Threatening the penalty of excommunication or a mere fine, the Synod, however, required the master’s hands of ingenuities to “discipline the tasks of sugar, so that it does not catch them on part of the holiday, nor make them twist ropes” or other tasks, “nor do they do chores, throwing slaves to grind from the first night of the holiday; and that the amos who bring jornal slaves and slaves, do not beat them in those days, nor bring them day in them, under the same penalty of censorship and pecuniary.”19
As for the work in general, certainly somewhat sweetened, and with regard to the Catholic formation of slaves, he legislized: “We command, and on the part of Almighty God, we affectionately ask the amos, and the butlers and mayorals, that in all the ingenuities, herds, corrals and other haciendas of the countryside, before entering the work of the day , in the morning, all slaves pray the Christian Doctrine, being taught by the person who knew it best, and it is with all space, and taking into account those who are most careless in learning it will show the thee, and do not wait for it to be after work, when weary cannot attend to what they are told.”20
As for the obligation of Sunday Mass, both for the reluctant loves who relyed on the remoteness of temples of the estates or ingenuities, he also emphasizes the need to also send to the slave labor: “We command that all free men, and the amos of slaves, who are not distant more than a league , go and hear Mass on Sundays to your parishes and churches, and send your slaves, if not in the distance you are there a hermitage or chapel closer to the cities, villas and places where you can hear it; penalty of sin that they will commit, and of two ducats applied to the churches, in which we certainly take them for condemned otherwise by doing for every time they are missing.”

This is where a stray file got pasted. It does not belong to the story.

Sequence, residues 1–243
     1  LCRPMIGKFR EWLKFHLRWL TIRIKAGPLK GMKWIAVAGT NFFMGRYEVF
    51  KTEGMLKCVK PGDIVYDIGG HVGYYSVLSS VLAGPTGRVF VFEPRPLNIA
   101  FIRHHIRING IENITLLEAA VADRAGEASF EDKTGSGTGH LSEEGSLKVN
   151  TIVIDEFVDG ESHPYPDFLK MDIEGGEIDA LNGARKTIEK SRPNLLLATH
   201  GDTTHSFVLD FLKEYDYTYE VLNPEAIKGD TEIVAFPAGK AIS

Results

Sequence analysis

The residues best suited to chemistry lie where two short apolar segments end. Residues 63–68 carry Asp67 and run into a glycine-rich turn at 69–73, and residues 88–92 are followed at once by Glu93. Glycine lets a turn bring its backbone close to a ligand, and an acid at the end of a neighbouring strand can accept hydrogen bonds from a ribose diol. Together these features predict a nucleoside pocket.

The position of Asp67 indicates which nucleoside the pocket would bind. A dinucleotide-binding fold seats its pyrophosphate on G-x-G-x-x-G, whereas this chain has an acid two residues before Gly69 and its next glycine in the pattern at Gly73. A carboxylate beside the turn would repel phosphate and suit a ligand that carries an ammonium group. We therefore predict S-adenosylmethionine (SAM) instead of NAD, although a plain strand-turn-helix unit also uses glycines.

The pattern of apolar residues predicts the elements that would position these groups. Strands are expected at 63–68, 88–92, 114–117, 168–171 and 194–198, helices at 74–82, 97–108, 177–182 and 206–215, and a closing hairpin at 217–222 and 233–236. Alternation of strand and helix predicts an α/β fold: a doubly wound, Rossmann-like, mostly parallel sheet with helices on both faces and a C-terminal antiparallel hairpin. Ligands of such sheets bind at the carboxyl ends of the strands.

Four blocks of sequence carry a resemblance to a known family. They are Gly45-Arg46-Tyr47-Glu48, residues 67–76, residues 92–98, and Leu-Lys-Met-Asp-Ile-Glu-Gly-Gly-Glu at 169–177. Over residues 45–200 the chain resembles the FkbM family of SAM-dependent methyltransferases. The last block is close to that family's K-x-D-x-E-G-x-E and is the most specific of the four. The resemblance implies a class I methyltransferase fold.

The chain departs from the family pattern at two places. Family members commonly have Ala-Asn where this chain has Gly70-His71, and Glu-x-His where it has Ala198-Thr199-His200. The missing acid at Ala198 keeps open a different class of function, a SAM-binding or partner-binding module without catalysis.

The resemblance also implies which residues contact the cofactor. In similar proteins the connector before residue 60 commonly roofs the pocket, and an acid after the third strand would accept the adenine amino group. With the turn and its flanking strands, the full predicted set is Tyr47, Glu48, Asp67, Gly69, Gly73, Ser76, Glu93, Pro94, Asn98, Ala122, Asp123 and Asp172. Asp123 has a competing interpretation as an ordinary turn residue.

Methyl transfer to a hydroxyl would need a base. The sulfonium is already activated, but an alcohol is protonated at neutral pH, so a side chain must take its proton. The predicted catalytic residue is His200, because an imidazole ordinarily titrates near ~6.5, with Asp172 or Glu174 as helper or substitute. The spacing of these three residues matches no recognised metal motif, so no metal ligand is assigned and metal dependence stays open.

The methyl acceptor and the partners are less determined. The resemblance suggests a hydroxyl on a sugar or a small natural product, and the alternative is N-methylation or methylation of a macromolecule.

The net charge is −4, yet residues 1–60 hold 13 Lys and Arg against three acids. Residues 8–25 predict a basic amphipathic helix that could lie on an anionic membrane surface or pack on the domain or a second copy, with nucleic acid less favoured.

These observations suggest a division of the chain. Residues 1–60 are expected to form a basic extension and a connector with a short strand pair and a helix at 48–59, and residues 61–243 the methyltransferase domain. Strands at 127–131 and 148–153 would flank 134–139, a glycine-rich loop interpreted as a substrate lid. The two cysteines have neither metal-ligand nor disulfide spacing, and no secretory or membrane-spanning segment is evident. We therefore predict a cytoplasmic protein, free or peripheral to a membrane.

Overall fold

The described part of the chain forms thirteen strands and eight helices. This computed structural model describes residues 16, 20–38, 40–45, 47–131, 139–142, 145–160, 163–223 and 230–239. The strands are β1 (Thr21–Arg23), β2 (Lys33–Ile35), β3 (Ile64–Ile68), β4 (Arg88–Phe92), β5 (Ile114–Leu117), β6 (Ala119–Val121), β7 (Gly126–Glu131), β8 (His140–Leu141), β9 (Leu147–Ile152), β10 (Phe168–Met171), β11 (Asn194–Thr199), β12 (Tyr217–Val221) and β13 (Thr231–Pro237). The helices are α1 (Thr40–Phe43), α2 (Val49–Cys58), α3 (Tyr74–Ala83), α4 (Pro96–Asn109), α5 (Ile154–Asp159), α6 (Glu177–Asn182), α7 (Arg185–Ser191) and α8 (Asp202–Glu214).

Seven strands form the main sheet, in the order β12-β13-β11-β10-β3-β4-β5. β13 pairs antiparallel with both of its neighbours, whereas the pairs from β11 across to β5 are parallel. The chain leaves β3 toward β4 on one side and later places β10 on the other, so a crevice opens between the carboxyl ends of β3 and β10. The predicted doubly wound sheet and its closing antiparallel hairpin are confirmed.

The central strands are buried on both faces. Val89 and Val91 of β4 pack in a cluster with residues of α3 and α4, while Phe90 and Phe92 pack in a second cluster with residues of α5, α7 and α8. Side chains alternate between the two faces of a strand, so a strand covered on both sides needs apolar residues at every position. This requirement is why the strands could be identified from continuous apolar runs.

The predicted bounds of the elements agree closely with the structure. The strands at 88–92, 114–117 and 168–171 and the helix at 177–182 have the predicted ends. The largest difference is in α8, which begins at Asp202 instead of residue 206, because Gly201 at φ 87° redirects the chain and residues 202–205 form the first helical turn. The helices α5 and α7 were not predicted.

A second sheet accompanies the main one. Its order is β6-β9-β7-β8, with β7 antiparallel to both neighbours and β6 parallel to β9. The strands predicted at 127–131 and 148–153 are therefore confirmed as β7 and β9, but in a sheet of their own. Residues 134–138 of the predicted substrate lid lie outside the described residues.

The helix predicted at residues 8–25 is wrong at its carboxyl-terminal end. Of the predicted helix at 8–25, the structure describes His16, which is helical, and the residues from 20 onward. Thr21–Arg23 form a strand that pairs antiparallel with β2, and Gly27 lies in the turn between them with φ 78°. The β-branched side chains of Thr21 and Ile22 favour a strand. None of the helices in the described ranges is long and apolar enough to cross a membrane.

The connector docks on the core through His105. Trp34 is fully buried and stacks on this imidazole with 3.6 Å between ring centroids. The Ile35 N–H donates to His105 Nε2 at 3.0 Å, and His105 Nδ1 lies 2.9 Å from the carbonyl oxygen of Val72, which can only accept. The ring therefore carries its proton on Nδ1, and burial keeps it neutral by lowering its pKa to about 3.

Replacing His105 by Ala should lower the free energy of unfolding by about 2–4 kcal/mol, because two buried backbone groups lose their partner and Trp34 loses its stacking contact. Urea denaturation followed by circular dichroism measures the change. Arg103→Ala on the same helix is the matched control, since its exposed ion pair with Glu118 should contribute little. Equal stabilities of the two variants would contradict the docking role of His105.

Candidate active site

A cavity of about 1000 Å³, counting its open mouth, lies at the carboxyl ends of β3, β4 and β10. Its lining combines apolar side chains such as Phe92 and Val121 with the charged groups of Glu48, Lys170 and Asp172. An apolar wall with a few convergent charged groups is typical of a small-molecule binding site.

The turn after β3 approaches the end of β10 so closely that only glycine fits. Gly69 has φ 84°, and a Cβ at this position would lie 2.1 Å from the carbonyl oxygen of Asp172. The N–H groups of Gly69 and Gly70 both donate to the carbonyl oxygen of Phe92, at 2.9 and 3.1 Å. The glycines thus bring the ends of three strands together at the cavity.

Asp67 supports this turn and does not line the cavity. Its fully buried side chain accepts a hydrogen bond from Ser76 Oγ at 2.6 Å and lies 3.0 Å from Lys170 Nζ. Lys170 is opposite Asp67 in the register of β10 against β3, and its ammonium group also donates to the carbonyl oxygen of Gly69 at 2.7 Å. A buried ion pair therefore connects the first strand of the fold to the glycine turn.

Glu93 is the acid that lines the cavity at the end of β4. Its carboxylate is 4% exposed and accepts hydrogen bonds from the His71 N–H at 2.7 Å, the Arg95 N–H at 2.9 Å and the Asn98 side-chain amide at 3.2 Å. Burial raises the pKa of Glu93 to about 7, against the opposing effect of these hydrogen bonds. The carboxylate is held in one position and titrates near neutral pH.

The provincial legislation of the Spanish Antilles
Some authors, I do not know why, mention as legislation in force yet, albeit already a little late, the First Provincial Council of Santo Domingo (September 21, 1622-1623 February 1623), emphasizing certain advances in race relations, precisely more than half a century earlier. Undoubtedly, these authors wanted to make them see their readers, that some of the doctrine of the Franciscans already had a history in the same Church of the Hispanic Caribbean.
In fact, the second session (November 6, 1622) requires and facilitates the access of so-called “Ethiopians” to the sacraments, and not just the obligatoryness of baptism and the antecedent and consequent doctrine. Referring to the priestly order, the Council established as a rule that black people should also be admitted, as long as they were “from the Ethiopian trunk for three generations”.22
In addition to the representatives of Santo Domingo, and the presidency of Br. Pedro de Oviedo, S. O.C., representatives of the five dioceses that were then part of this ecclesiastical province, that is, Br. Gonzalo de Angulo, O.M., Bishop of Venezuela, Don Bernardo de Valbuena, Bishop of Puerto Rico, that of Agustín Serrano Pimentel, representing Fr. Alonso Enríquez. , O. de M., Bishop of Santiago de Cuba, and Don Francisco de Medina Moreno, Abbot of Jamaica.